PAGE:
Route 1 – Harbour Hill – East Coast Path – Light House Viewing Point
This walk starts from the bottom of Harbour Hill but before you start this walk, take a moment to visit the old harbour, Creux. The original entrance to the bay was blasted through the rock in 1588 and is still in the same position today. The main entrance that we now use, along with the protective harbour wall was not built until 1866. This harbour allowed easy access to Jersey and was easy to defend before the new tunnel and the pier were later built. The entrance of the old tunnel would have been gated and guarded. The harbour would have been a simple beach surrounded by high sided rock faces.
Maseline Harbour was not completed until 1949. Work had begun in 1939 but war had prevented new building materials being acquired and work stopped between 1941 and 1946. The new harbour was officially declared ‘open’ by the Duke of Edinburgh and the young Princess Elizabeth in 1949.
From the entrance to Creux Harbour, start walking up Harbour Hill along the road and after a short distance there is a path on the right signposted “cliff walk”. Follow this path up a steep incline with intermittent steps. Upon approaching the top, take a moment to admire the view over Maseline Harbour and the arc of rocks known as the Burons and over to France.
After approximately 0.2 miles the path starts to level out before approaching another short ascent up some steps. Stay on this path, past the bench and after a further 0.2 miles you will reach a metal gate. Go through the metal gate and left, following the wooden fence to the end.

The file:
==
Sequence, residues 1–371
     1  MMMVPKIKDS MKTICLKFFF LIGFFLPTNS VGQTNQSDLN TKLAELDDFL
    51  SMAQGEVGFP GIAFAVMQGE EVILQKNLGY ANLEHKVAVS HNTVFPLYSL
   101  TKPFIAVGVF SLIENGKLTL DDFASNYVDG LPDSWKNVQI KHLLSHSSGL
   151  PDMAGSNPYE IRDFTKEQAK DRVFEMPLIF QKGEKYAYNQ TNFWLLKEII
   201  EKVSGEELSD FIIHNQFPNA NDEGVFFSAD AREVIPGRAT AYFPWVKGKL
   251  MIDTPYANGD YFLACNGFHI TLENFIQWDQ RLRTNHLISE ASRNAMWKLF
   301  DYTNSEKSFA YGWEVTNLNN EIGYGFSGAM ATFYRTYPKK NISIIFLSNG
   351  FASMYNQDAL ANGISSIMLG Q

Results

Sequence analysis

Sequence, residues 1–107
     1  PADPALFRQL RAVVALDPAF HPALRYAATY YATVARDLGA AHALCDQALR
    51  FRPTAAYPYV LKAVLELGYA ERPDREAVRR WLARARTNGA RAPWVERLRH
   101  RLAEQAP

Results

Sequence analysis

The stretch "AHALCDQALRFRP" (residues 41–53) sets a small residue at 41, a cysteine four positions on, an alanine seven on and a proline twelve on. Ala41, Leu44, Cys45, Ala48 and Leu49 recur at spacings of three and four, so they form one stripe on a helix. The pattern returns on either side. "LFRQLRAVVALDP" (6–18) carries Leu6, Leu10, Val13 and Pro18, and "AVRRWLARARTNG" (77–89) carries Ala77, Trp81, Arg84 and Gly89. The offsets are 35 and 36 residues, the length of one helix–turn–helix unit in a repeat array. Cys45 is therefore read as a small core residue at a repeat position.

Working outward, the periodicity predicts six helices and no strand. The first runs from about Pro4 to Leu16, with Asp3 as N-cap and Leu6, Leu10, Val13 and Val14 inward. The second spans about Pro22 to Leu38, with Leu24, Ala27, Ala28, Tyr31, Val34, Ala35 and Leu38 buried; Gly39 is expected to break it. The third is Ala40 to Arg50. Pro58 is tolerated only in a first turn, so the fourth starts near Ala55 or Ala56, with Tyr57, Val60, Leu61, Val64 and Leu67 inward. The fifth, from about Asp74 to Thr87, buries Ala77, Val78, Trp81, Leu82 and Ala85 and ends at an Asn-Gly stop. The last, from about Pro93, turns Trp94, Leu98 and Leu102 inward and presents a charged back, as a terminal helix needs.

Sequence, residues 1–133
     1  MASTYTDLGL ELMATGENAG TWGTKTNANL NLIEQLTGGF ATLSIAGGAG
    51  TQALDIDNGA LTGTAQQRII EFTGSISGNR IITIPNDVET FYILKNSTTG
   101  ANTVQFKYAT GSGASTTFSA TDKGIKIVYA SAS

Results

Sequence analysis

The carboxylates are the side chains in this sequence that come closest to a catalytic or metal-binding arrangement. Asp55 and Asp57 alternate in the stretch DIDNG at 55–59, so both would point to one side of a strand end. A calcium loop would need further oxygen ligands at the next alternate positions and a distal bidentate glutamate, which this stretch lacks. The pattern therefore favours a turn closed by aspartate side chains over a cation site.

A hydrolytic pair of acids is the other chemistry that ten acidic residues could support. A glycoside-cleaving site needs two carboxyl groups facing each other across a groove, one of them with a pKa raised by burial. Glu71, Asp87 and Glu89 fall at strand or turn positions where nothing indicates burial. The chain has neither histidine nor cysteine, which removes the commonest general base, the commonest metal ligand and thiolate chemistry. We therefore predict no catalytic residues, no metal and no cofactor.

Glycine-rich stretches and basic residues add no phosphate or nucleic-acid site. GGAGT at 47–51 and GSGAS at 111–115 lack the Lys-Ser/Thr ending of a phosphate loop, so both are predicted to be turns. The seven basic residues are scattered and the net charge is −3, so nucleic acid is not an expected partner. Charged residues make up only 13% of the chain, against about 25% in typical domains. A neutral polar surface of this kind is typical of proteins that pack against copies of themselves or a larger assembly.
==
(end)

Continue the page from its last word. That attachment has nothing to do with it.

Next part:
At the end of the fence, turn right and follow the path as it bends to the left and turns into a wider roadway. At the T-junction, turn right on the roadway, past the large white house on the corner and follow its stone wall to the end where you join another roadway.
At this junction, walk straight ahead and turn next right down the hill towards La Valette Campsite.
Stay on this road all the way until you reach the end where there is a granite semicircular wall and some steps. This is the Light House viewing point.
Point Robert Lighthouse was built in 1912 and made out of blue granite quarried from L’Eperquerie Common. There are 146 steps down to the lighthouse but unfortunately it is no longer open to the public.
Following the bottom hedge of La Valette campsite through two fields, follow the stone wall thereafter up to the stone stile in the top corner of the field between the glamping pods.
Follow the footpath past the first metal gate until you reach the second metal gate opposite the yellow bench. Go through the gate following the path to the sign post and turn right to Greve de la Ville.
Follow the path and the stream down the wooded valley until you reach the bench overlooking the bay. From here you can see the large natural arch in the rock on the right, named Gull’s Chapel. There are a series of caves along this stretch which can be accessed only on low tide and culminating in the Dog Cave, so called because the sound of the sea entering the cave upon certain tides resembles a dog barking. More information on this walk can be found in the La Trobe Guide which can be purchased in the Visitor Centre. The bay is also a wonderful place for a morning swim in the sunshine.